There are 619 regionally significant, walkable urban places (or “WalkUPs”) in the nation’s 30 largest metro areas.
Foot Traffic Ahead 2016, released today by LOCUS in conjunction with the Center for Real Estate and Urban Analysis at the George Washington University School of Business, looked at all of them.
The new report ranks the country’s 30 largest metropolitan areas based on the amount of commercial and multi-family rental development in WalkUPs, and uses a series of forward-looking metrics to predict how walkable their future development might be. The research also uses social equity metrics like housing costs, transportation costs, and access to jobs to understand the relationship between walkability and social equity.
The research found that walkable urban market share growth in office and multi-family rental increased in all 30 metro areas between 2010-2015, while drivable sub-urban locations have lost market share.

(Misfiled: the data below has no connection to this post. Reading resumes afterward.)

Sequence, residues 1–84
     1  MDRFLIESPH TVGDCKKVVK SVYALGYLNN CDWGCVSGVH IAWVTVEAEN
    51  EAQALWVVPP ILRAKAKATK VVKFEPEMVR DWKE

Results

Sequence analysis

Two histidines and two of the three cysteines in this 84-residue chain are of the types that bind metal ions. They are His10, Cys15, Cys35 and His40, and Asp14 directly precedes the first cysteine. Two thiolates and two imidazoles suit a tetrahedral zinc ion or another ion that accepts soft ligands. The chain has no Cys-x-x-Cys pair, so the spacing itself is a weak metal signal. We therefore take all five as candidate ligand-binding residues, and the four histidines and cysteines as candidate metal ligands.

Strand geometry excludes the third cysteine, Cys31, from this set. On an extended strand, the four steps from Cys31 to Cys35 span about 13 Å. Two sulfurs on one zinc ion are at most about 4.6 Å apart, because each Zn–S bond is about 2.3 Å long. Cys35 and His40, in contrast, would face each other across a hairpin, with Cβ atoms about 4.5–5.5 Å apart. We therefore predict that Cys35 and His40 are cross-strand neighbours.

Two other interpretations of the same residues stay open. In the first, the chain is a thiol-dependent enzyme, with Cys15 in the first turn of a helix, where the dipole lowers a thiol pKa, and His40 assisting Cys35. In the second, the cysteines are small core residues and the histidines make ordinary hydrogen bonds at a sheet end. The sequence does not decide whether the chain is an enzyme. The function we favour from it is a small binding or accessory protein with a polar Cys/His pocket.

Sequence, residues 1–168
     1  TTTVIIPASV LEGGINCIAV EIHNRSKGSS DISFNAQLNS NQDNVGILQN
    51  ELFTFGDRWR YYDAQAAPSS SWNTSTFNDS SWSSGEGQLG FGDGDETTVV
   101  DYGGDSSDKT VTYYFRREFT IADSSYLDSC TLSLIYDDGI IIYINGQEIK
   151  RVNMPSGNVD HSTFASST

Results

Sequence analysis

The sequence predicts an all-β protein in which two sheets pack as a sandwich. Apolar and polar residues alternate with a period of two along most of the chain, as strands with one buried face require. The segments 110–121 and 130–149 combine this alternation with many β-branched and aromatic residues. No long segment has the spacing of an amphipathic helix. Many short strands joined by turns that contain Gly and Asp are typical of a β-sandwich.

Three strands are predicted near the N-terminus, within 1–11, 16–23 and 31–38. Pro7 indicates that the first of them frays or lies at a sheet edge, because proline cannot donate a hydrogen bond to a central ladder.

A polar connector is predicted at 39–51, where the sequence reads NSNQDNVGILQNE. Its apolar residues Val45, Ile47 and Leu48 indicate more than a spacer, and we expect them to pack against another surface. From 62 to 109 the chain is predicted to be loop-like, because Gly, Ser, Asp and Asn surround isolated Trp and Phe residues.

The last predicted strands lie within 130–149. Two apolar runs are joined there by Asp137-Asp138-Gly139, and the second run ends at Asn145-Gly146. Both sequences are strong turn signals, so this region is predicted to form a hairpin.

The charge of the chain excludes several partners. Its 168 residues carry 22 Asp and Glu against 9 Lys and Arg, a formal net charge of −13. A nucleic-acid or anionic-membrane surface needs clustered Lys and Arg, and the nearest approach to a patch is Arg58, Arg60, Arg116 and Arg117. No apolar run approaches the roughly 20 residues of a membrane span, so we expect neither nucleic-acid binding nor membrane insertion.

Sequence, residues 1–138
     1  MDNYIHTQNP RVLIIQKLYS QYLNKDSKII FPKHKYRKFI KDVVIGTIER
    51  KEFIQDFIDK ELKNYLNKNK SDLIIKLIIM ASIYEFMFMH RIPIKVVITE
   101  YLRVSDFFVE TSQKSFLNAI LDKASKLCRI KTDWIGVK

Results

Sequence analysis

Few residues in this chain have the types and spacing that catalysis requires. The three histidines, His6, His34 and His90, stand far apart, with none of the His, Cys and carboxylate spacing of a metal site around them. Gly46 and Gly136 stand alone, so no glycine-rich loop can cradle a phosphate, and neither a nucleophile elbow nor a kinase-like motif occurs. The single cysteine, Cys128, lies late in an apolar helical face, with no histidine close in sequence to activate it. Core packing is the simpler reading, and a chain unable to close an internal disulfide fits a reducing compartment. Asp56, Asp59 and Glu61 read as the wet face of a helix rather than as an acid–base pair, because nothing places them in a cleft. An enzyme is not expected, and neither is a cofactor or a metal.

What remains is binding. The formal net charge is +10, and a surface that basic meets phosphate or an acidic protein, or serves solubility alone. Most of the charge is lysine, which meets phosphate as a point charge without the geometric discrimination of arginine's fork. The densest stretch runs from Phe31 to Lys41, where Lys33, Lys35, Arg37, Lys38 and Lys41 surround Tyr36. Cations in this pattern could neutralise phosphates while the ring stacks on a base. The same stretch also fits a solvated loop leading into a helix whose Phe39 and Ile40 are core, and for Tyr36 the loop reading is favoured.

Not surprisingly, New York City, Washington DC, Boston, Chicago, San Francisco, and Seattle ranked at the top of current areas for walkable urbanism. But the research points to other cities including Phoenix, Los Angeles, and metro Detroit as best-positioned for future growth of walkability given current efforts in those the communities.
Download the full report to see the full rankings, including which metros are getting the most out of their current development, which have the greatest momentum, and which rank the highest for social equity.